S. BOONLERTS, M. INPRASIT HA

Singapore is similar to many other Asian countries; the Min-

istry of Education (MOE) develops and issues a national

mathematics curriculum (syllabus), and all schools are required

to follow the syllabus in teaching, learning, and assessment.

Accordingly, textbooks must align with the syllabus. All school

textbooks in Singapore first must be reviewed and approved by

an evaluation committee appointed by the Ministry of Educa-

tion (Fan, 2010).

For Japan and Singapore, textbooks in this study were se-

lected from one publishing company and based on their wide

use by schools. These Japan textbooks were translated into the

Thai Language in 2009. This Thai version has been in use in

the 22 Schools participating in the Research project. The Sin-

gapore textbooks, which are published in English, have been

used in some Thai bilingual schools In total, the following 14

mathematics textbooks from the three countries were examined

in this study: in Japan, five Mathematics for Elementary School

for grades 1 - 3 published by Gakkoh Tosho were selected; in

Singapore, six “My Pals Are Here” (2nd ed.), published by

Marshall Cavendish Education (2010) were selected for first to

third Grades, in Thailand, three mathematics textbooks are

provided for first to third Grades and published by IPST.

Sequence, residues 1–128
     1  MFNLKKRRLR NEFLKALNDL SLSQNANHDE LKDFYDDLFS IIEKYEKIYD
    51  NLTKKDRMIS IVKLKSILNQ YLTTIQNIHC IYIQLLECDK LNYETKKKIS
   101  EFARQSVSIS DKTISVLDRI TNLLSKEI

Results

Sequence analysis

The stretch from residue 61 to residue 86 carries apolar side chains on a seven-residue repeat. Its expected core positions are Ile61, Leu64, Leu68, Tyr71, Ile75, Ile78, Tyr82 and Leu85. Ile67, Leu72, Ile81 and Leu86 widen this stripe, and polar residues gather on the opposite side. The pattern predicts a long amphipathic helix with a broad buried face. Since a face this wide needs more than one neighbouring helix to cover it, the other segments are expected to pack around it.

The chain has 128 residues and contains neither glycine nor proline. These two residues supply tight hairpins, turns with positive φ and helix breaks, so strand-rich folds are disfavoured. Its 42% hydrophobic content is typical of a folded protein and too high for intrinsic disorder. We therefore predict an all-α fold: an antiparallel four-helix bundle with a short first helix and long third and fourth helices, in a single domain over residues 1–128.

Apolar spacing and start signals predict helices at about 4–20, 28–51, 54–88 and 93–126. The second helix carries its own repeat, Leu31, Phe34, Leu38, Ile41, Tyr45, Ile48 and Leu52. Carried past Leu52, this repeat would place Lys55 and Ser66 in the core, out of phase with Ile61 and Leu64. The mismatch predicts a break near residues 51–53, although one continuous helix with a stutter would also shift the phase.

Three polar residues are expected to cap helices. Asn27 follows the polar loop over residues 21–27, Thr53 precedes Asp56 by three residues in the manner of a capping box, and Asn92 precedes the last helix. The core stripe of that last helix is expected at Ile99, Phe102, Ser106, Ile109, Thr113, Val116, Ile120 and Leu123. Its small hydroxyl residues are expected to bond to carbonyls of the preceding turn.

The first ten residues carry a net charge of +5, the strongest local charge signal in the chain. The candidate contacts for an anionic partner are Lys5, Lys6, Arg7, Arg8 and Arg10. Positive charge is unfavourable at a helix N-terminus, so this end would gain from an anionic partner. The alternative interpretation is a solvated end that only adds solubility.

Conceptual Frameworks

Two conceptual frameworks were used to analyze the pres-

entation of multiplication in mathematics textbooks through

content analysis reported Son & Senk (2010). These analyses

focused on aspects of the textbooks Overall structure (number

of units or lessons and sequence of topics)

The analysis of the textbooks’ content focused on the prob-

lem situations in multiplication in each textbook. Using Greer’s

the classes of situations involving multiplication and division of

integers: equal groups, multiplication comparison, Cartesian

product, and rectangular area (Table 1). This study analyzed

problems in the entire textbook.

Results

The study examines the overall structure and sequence of

topics in the textbooks and the general format of each lesson.

The Overall Structure and Sequence of Topics

In each country, all the textbooks in grades 1 - 3 present

number and operation (addition subtraction, multiplication,

division of whole number), geometry (shape, volume, length,

mass) and table and graph. Only the Singapore series contains

different content in the textbook such as fractions, area and

perimeter, perpendicular and parallel lines.

The Thai textbooks present a chapter on multiplication in

each grade (2nd and 3rd grades) and have one chapter that be

related, is review, word problem and making problem of addi-

tion, subtraction, multiplication and division. Singapore and

Japanese textbooks consist of several chapters in each grade.

For example, Japanese textbooks for second grade consists of

(1): expression as a multiplication sentence, multiplication (2):

The 2×, 5×, 3× 4× multiplication table, multiplication (3): the

6×,7×,8×,9×, 1× multiplication table, and multiplication (4):

multiplication game, multiplication table. Similarly, Singapore

textbooks consist of several chapters for multiplication in each

grade.

The Japanese and Thai textbooks begin teaching multiplica-

tion in the second grade whereas Singapore textbooks introduce

multiplication in the first grade.

In the Japanese second grade textbooks, the sequences of